All Blacks Measure Up

17 10 2011

No choke there then! For the first time since 1987 The All Blacks finally gave a world cup performance of substance and style when it counted befitting their illustrious reputation and record in world rugby. Indeed so emphatic was their victory and so poor their opponents for the biggest prize the IRB are probably already getting the words ‘New Zealand’ engraved on the rugby’s biggest prize.

As dominant as the All Blacks were, it was all the same a mystifying tactical performance from the Australians. Blessed with exceptional backs, the Australian’s seemed to forget this and decided to play a close game more reminiscent of the departed England team than the Tri Nations champions of whom we were familiar pre world cup. Whether this was an attempt to control the normally mercurial talents of Quade Cooper or possibly a desire to test the willingness of the new boy Cruden in the tackle or half a dozen other things – it palpably failed.

Even when Australia were 10 minutes away from elimination and needed two scores to win – a time when we would normally have expected the electric Cooper and Genia to start throwing caution to the wind, spreading it wide and testing the AB’s in ways in which they hadn’t done all game – there was no ambition. This was a world cup semi final and to us it looked like Australia either forgot or, whisper it quietly, did what people have been expecting the Kiwi’s to do and choked. There was no leadership, little urgency – even when a penalty was awarded 5 yards out with 3 minutes to go Genia faffed around for crucial seconds – and quite simply no invention.

Although a great deal of the press has gone to Quade Cooper’s role in proceedings, some wags claiming he was the best Kiwi player on the pitch, it was Genia that disappointed us most. Yes he was behind a struggling pack and generally getting back foot ball but it was the lack of control and leadership he demonstrated even given these difficulties that was most telling. Genia has over the past couple of years been one of the Australian leading lights, a player they look to for inspiration and decision making, yet so many times yesterday he looked s0 lost and bereft of ideas that he could have been an imposter.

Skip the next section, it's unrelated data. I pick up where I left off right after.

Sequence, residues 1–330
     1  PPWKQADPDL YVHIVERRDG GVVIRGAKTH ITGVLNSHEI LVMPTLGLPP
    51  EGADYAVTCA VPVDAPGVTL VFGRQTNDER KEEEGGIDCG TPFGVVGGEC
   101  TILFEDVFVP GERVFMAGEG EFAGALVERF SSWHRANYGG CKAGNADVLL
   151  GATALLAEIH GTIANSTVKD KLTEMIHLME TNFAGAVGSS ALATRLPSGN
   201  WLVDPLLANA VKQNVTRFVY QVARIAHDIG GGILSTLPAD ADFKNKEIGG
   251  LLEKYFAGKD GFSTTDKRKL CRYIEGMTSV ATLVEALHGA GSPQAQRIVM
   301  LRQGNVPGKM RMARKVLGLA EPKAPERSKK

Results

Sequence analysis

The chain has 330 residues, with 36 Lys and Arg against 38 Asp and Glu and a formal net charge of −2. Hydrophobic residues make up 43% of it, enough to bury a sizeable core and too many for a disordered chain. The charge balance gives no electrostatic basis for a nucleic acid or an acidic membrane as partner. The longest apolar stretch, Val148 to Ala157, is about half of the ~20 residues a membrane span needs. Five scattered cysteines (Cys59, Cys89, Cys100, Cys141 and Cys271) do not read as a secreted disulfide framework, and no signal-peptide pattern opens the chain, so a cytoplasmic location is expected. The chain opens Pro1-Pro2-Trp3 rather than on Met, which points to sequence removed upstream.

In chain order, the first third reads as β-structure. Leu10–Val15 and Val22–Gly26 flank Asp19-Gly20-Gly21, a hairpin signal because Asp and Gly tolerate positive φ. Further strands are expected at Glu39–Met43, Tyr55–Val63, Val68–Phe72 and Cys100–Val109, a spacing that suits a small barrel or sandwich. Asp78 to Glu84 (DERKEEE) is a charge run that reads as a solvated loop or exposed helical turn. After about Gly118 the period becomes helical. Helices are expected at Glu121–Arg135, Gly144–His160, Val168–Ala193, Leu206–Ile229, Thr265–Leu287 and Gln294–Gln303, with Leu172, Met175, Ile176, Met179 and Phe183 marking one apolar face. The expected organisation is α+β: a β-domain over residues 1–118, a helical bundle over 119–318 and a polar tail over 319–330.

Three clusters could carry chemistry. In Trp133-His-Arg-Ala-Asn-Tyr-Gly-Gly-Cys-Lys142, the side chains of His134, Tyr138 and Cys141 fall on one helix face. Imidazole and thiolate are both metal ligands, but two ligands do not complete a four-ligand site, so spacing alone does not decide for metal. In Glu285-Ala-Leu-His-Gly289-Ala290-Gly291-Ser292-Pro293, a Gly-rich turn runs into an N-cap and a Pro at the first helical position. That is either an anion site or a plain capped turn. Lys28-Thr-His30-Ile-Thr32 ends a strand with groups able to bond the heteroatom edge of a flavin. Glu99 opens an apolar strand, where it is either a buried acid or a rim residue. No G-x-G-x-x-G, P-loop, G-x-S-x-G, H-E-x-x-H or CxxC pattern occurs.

None of this should take away from New Zealand’s performance though. Clinical, yet played with flair, they proved that the loss of Carter isn’t quite the loss that many people (including us it must be said) thought it might be. Whether it was the incredible Dagg creating something from nothing, Corey Jane mopping up yet another aimless high ball or the excellent Kaino dragging plaintive Australian’s along this was surely a performance of World Champions. It is true that the ‘French’ factor might yet play a part but to our mind they could expect to win the upcoming final nine times out of ten.

Thoughts?

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